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Updated: February 20, 2014 17:26 IST

Whose right is it, anyway?

Vijay George
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Satellite rights is the amount given by television channels to producers for broadcasting their films. Illustration: Sreejith R. Kumar
The Hindu Satellite rights is the amount given by television channels to producers for broadcasting their films. Illustration: Sreejith R. Kumar

Mollywood is facing a crisis thanks to a standoff between the industry and television channels over rocketing satellite rights.

Ever wondered how some big names in Malayalam cinema continue to reign supreme, despite not having a hit in theatres for months now? Welcome to a world where satellite rights decide the fate of Malayalam movies – and its stars.

For the uninitiated, satellite rights is the amount given by television channels to producers for broadcasting their films. In Malayalam, the contracts are ‘perpetual’, which are generally means they are valid for 99 years. Of late, though, satellite rights have been so through the roof that some films are breaking even or, at times, making profits, even before they hit the theatres!

“As the channels are looking for repeat screenings for many years to come, popular stars get a preference. But nowadays even the main technicians involved, the production banner and their recent track record are also being analysed,” says John Brittas, managing director, Kairali TV.

Vijay Babu, a former channel head, who has now found success as an actor and producer, says the film industry has virtually no role in deciding the satellite rights. “Satellite rights have gone sky high mainly as a result of the competition between the channels. New buyers have emerged during recent years. In business terms, if a super star’s film fetched around Rs. one crore in satellite rights in, say, 2009, it has now become Rs. 4 to 4.5 crores!

“Around 80 new directors made their debut last year and the focus shifted from four or five lead artistes to almost a dozen. This has mainly benefitted the younger generation of actors, thanks to their satellite value. If Malayalam cinema had used this phenomenon more intelligently, the industry would have benefitted spectacularly from it. It became a problem when many started misusing it blatantly,” opines Vijay.

Things apparently took a turn for the worse when filmmakers started producing their films themselves, as satellite rights became an easy way to make money.

The economics behind the deal is quite simple. A project only has to have some well-known people in the cast and crew, and an attractive storyline when it is presented to TV channel honchos. Once the contract is approved, the filmmaker tries to complete the film on a tight budget, as every paisa saved adds to the profit. “This has also resulted in the emergence of some fly-by-night producers whose interest is only in making a quick buck and not in the quality of the movies or its acceptance by the viewers,” feels Brittas.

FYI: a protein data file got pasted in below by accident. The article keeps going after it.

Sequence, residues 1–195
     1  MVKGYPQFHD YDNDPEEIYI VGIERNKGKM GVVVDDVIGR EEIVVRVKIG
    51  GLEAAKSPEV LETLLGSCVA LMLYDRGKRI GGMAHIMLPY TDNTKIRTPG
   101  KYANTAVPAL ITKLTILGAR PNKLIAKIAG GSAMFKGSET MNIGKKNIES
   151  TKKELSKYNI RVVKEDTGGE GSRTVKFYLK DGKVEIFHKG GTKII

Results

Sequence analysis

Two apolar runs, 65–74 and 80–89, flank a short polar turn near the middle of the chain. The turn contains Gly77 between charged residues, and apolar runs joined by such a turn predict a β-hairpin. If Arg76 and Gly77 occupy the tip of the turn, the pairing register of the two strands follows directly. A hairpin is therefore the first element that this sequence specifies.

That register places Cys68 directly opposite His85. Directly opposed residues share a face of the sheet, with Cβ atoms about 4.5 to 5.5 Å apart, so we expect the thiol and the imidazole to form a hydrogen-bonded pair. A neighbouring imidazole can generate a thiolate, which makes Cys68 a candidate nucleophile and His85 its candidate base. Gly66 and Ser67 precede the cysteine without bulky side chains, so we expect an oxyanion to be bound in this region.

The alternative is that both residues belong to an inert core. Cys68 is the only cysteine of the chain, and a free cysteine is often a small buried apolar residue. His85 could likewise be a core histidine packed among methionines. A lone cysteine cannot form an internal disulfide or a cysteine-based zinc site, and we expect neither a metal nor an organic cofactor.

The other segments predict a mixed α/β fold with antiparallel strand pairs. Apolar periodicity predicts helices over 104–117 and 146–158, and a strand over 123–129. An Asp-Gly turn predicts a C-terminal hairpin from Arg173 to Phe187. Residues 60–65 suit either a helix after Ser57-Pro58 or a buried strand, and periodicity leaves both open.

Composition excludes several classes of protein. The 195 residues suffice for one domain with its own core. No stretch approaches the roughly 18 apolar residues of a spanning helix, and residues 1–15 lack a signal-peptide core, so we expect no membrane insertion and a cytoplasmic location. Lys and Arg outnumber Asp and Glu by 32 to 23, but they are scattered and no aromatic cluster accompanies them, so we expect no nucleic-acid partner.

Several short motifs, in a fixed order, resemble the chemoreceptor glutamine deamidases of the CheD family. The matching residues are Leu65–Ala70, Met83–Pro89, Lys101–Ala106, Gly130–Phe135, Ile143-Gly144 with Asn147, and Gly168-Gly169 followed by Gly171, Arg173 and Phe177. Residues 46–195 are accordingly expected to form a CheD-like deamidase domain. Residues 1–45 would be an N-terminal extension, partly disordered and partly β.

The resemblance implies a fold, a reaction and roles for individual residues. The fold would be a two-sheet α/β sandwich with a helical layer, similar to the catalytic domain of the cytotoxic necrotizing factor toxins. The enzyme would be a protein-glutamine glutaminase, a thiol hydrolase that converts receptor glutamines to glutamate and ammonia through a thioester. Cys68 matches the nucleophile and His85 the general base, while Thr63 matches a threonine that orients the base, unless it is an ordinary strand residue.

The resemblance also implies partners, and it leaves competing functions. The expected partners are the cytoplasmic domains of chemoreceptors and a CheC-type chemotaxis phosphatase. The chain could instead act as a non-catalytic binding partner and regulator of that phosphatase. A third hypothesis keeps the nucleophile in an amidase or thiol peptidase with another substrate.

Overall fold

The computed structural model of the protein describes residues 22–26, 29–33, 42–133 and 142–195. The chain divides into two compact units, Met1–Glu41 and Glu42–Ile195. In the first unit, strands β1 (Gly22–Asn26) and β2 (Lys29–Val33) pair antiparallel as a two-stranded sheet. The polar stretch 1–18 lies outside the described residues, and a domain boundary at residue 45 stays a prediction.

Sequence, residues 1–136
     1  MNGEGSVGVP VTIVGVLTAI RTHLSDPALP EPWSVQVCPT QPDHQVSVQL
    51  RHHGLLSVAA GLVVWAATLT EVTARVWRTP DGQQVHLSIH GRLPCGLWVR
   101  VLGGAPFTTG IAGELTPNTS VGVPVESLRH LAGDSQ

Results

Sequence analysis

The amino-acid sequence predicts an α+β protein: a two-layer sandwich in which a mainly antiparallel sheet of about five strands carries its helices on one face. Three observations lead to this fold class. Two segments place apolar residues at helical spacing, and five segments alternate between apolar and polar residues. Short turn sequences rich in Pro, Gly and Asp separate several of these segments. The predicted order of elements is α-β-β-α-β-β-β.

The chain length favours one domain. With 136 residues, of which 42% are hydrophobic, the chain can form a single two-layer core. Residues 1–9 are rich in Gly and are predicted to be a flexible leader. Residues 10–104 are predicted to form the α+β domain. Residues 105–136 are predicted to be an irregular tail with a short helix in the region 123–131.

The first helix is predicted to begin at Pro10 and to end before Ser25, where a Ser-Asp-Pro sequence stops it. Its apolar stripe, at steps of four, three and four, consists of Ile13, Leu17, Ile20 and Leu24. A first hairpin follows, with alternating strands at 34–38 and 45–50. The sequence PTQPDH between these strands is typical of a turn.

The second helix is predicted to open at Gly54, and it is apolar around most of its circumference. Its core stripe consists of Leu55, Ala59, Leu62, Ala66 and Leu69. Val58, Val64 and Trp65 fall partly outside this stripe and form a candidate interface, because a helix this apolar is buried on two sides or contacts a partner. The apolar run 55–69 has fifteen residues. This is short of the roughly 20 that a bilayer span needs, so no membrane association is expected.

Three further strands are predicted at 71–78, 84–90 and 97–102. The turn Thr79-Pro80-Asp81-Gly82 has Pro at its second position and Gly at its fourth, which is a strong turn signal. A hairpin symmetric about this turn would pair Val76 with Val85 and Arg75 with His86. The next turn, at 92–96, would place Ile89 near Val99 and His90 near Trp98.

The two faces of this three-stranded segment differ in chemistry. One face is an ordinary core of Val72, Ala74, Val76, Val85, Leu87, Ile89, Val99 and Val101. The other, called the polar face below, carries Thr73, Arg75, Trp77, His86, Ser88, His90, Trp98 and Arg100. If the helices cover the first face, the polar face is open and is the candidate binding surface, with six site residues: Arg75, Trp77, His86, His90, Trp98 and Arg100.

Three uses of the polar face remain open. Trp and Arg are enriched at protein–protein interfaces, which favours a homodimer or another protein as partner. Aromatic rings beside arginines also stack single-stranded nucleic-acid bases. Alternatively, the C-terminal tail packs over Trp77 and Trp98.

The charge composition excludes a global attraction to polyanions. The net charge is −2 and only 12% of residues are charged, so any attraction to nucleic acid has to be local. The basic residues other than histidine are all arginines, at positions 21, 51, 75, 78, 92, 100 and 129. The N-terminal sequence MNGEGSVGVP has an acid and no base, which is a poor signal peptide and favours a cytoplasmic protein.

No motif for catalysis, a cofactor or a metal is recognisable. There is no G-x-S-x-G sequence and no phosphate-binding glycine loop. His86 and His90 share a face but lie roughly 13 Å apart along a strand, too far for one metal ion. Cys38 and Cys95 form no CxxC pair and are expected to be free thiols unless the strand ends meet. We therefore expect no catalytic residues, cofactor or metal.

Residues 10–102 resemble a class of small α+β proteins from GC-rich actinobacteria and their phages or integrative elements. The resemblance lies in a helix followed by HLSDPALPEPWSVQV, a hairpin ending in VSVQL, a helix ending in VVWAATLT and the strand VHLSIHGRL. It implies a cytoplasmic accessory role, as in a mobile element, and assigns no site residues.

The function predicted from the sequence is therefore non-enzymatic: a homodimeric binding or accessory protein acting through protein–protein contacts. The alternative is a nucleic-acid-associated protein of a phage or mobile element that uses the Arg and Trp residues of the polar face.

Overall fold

Hit filmmaker Jeethu Joseph agrees and adds: “The current system of deciding satellite rights has both pluses and minuses. But what concerns me more is the way it is being exploited by some because this does not augur well for the industry in the long run.”

The call of such easy money may be the reason why there has been an unprecedented hike in the number of films being made during the last two years. In 2013, for instance, the number of Malayalam releases was 158 – a significant jump from around 127 in 2012. In 2011, meanwhile, the number was ‘only’ 88.

It is estimated that all the TV channels combined need around 70 to 90 films every year and that too after the films are categorised according to their own preferences. As almost everyone in the industry tried to cash in on the boom, and that too with scant regard for the merits of their films, the film industry seems to have landed itself in a bit of a soup with lots of films remaining in cans or being stopped at various stages of production.

However, lately, after some TV channels burnt their fingers, as a result of having been taken for a ride by certain wily wheeler-dealers from the film industry, they’ve almost stopped purchase of satellite rights en masse. And even if they do purchase films, it’s without doling out large sums of money. This has come like a bolt from the blue for the industry.

The extent of the crisis is being seen in theatres now. A month and a half into 2014, less than 15 Malayalam films have been released, of which some were originally scheduled for release late last year but were postponed due to various reasons. Also, there have only been a handful of new project announcements as well, during the last few months.

“The over production of films last year, done without any logic, has created this situation,” says director B. Unnikrishnan, who is also the general secretary of the film technicians’ federation, FEFKA.

“Hopefully, the industry will put in some corrective measures. My feeling is that genuine producers and filmmakers will actually benefit from the current scenario,” he adds.

Brittas too opines that there is a “crisis” only for those who have been taking undue advantage of this phenomenon.

2014 could well be a crucial year for the Malayalam film industry. Those who benefitted from the situation during the last few years will have to prove themselves again if they want to survive in the industry. However, it remains to be seen if the industry as a whole will finally sit up and take notice of the writing on the wall.

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